What happens when you meld the most futuristic Microsoft technology with the most futuristic Apple technology with the most ColecoVision-esque graphics as built in Jitter? Or you create gameplay that couples physical human contortion with the step sequencing rhythms of music? A different take on music games, that’s what.
Developers Matt (“M@tt”) Boch and Ryan Challinor work, in their day jobs, on the music game as most people know it, at Harmonix. Harmonix’s roots remain in the rhythm game, so that music play, even at its most serious, is still about musical timing accuracy. Pxl Pusher is a very different mechanic: imagine a step sequencer grid on an iPad, presenting blocks that, true to the classic game Twister, require another player to balance and stretch their bodies to match.
I caught up with Matt and Ryan over the summer at New York’s Museum of Modern Art. Before throngs of crowds swarmed the game – easily one of the most popular of the night – I managed to get some quick footage of the creators doing last-minute patching and trying out gameplay. (The quiet there is atypical; we got to shoot before the doors opened.) An insane travel schedule kept me from publishing sooner, but here, Matt and Ryan share their process.
Another interesting twist: Max/MSP and Jitter allowed extremely rapid prototyping with Kinect, something of interest to anyone doing this sort of work. (And dig those “3D” images … if they don’t blind you.)
CDM: How did you work together on this project?
Matt: Jamin from Kill Screen had asked me to make a project for the Pop Rally, and I was looking for someone to team up with to make it happen. Around the same time, Ryan was developing Synapse, and I got super excited about that tech. Having worked with him closely on Dance Central 2, I was positive we’d make a killer team, so I proposed we team up and make it happen. He got the ball rolling immediately.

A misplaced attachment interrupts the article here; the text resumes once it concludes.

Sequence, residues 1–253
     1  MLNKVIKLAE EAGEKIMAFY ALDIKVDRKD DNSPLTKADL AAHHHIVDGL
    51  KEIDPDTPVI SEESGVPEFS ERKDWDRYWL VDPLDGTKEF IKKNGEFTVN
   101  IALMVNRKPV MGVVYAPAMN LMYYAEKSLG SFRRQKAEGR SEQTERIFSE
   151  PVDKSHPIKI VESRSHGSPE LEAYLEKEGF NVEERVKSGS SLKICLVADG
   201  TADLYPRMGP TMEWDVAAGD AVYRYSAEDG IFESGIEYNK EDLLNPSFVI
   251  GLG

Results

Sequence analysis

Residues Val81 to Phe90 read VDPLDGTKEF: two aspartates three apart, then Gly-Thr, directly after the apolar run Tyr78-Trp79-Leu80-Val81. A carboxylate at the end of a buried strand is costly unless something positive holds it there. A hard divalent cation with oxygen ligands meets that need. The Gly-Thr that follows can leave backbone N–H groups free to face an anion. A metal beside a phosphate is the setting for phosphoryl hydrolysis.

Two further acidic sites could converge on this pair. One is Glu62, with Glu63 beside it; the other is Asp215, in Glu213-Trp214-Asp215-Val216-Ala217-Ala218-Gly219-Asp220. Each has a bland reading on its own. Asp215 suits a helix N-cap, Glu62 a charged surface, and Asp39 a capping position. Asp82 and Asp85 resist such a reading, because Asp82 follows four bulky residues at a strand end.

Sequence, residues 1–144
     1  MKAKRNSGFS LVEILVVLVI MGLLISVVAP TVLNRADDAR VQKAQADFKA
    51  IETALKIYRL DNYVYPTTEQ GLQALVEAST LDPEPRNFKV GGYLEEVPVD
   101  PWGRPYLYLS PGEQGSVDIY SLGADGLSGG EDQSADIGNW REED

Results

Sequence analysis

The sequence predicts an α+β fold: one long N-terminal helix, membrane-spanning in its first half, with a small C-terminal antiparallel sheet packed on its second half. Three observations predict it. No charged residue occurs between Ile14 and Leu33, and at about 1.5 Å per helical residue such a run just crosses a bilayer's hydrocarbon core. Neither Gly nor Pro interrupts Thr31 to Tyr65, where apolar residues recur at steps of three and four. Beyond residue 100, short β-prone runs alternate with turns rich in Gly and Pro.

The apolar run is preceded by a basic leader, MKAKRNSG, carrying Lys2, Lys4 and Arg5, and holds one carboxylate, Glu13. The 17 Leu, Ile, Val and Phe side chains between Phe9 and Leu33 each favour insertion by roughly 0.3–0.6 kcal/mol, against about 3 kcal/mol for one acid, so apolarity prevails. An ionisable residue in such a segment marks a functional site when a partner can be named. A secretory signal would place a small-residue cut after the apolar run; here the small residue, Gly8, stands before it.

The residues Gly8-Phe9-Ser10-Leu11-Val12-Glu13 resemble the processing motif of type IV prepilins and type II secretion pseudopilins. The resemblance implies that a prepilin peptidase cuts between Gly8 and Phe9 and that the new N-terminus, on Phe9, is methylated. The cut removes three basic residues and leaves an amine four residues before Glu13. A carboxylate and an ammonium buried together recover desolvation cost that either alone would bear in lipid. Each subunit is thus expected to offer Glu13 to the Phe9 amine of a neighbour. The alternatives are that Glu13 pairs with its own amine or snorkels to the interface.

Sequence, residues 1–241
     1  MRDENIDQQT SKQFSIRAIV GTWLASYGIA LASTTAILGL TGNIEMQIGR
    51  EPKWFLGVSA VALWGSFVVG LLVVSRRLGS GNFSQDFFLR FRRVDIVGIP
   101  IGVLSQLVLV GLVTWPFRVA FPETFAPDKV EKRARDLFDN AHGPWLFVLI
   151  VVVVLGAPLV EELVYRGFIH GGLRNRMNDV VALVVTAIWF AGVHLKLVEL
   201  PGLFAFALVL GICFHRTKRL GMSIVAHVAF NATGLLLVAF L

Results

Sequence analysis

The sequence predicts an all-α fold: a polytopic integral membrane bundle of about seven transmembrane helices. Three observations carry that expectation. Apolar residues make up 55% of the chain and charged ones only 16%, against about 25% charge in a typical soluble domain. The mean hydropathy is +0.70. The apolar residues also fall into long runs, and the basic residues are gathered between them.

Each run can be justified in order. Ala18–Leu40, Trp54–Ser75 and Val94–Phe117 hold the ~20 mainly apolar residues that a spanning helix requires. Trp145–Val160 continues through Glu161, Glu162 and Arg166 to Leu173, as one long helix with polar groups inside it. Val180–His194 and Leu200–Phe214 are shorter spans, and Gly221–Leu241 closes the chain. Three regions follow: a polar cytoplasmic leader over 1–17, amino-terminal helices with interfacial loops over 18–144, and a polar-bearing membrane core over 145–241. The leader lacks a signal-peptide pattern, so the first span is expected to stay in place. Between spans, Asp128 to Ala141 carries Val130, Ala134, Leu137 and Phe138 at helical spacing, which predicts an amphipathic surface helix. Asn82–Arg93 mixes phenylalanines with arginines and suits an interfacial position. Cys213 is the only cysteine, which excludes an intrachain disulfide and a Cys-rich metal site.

Max/MSP is a pretty ideal environment for the both of us to work in, as it lets us evaluate ideas really quickly, and completely obliterate the lines between disciplines that we’re used to in traditional game development. Each of us designed, coded, sound designed, and made art for the game. It was awesome to be able to share in the creation of all parts of the game.
Ryan: We riffed on ideas with each other until it snowballed into the final product. Max allowed us both to work in the same space, as opposed to the traditional programmer/designer arrangement, where I would work in code and Matt would tweak values that I expose. This allowed us to work much faster and blurred the line between programmer and designer.
Any roadblocks, discoveries along the way?
Ryan: The whole project was driven by discovery: discover a fun interaction, then figure out how to leverage it. There were no real roadblocks, other than Matt being on painkillers for the entirety of the project!
Matt: I fell, knocked out four teeth, and fractured my jaw, so I was on heavy doses of painkillers for much of the development. I’m doing much better now, almost fully recovered.
The greatest discovery for me was more of a rediscovery. I remembered how freeing it is to design a game for a very specific context. Before working at Harmonix, I made arcade games in a contemporary art context. Getting back into that mindset was a blast.
Tell us a bit how you work with Max for rapid prototyping. How did you set it up? Any specific tools you made use of? Any tips, either related to Max or Kinect specifically?